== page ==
On January 2nd, IMS Health Holdings announced it will sell stock on the New York Stock Exchange. IMS joins other major NYSE-listed corporations that derive significant revenue from selling sensitive personal health data, including General Electric, IBM, United Health Group, CVS Caremark, Medco Health Solutions, Express Scripts, and Quest Diagnostics.
- IMS buys and aggregates sensitive “prescription and promotional” records, “electronic medical records,” “claims data,” “social media” and more to create “comprehensive,” “longitudinal” health records on “400 million” patients.
- All purchases and subsequent sales of personal health records are hidden from patients. Patients are not asked for informed consent or given meaningful notice.
- IMS Health Holdings sells health data to “5,000 clients,” including the US Government.
- Despite claims that the data sold is “anonymous”, computer science has long established that re-identification is easy.
- See brief 3-page paper by Narayanan and Shmatikov at: http://www.cs.utexas.edu/~shmat/shmat_cacm10.pdf)
- See Prof. Sweeney’s paper on re-identifying patient data sold by states like WA at: http://thedatamap.org/risks.html
- “Our solutions, which are designed to provide our clients access to our deep healthcare-specific subject matter expertise, take various forms, including information, tailored analytics, subscription software and expert services.” (from IMS Health Holding’s SEC filing)
Quotes from IMS Health Holding’s SEC filing: “We have one of the largest and most comprehensive collections of healthcare information in the world, spanning sales, prescription and promotional data, medical claims, electronic medical records and social media. Our scaled and growing data set, containing over 10 petabytes of unique data, includes over 85% of the world’s prescriptions by sales revenue and approximately 400 million comprehensive, longitudinal, anonymous patient records.” IMS buys “proprietary data sourced from over 100,000 data suppliers covering over 780,000 data feeds globally.”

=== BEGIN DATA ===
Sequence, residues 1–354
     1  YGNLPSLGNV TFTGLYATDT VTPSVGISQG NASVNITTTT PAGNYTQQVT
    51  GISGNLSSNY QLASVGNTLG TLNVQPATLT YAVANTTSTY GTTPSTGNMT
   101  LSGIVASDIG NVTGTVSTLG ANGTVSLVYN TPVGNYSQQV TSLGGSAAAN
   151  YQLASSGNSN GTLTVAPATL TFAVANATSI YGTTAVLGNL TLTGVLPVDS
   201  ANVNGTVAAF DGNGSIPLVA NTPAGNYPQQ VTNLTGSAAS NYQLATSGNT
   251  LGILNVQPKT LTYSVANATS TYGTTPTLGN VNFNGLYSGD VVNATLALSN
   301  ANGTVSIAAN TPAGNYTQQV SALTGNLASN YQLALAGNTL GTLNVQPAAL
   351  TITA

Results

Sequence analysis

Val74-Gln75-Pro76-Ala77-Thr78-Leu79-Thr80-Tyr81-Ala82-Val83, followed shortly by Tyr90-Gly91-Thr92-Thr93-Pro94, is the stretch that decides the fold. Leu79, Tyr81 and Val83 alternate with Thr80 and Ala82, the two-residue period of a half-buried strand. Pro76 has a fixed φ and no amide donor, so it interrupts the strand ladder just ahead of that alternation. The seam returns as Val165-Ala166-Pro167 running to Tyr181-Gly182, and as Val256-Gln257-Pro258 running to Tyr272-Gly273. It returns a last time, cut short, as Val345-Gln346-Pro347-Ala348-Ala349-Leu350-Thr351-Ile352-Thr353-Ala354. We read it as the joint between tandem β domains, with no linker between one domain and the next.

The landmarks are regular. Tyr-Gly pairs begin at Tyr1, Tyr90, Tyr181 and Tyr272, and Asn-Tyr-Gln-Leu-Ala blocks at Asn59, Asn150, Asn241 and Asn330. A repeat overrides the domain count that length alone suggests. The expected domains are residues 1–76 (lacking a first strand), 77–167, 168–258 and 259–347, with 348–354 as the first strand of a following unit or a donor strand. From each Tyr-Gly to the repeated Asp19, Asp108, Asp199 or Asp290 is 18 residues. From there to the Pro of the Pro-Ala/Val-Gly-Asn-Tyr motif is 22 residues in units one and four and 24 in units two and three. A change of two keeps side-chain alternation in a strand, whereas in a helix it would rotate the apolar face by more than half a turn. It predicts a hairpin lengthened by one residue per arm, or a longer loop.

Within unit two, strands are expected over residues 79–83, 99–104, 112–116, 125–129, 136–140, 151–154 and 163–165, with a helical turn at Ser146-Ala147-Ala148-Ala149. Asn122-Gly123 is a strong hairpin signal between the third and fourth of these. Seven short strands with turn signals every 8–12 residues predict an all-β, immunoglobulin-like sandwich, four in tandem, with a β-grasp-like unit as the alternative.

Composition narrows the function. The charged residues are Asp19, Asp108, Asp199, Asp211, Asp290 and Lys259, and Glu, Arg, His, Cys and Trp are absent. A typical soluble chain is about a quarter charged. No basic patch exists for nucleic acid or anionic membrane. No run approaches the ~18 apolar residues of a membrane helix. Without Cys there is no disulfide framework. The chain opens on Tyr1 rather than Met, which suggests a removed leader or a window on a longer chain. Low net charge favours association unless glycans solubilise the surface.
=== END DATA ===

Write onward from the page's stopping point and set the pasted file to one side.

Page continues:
How can this business model be legal? How can companies decide that US citizens’ personal health data is “proprietary data,” a corporate asset, and sell it? If personal health data ‘belongs’ to anyone, surely it belongs to the individual, not to any corporation that handles, stores, or transmits that information.
Americans’ strongest rights to control personal information are our rights to control personal health information. We have constitutional rights to health information privacy which are not trumped by the 2001 elimination of the right of consent from HIPAA (see: http://patientprivacyrights.org/truth-hipaa/ ). HIPAA is the “floor” for privacy rights, not the ceiling. Strong state and federal laws, and medical ethics require consent before patient data is used or disclosed. 10 state constitutions grant residents a right to privacy, and other states constitutions have been interpreted as giving residents a right to privacy (like TX).
Surely FTC would regard the statement filed with the SEC as evidence of unfair and deceptive trade practices. US patients’ health data is being unfairly and deceptively bought and sold. Can the SEC deny IMS Health the opportunity to offer an IPO, since its business model is predicated on hidden purchase and sale of Americans’ personal health data?
If we can’t control the use and sale of our most sensitive personal information, data about our minds and bodies, isn’t our right to privacy worthless?
To view the full article published in Modern Healthcare visit: IMS Health Files for IPO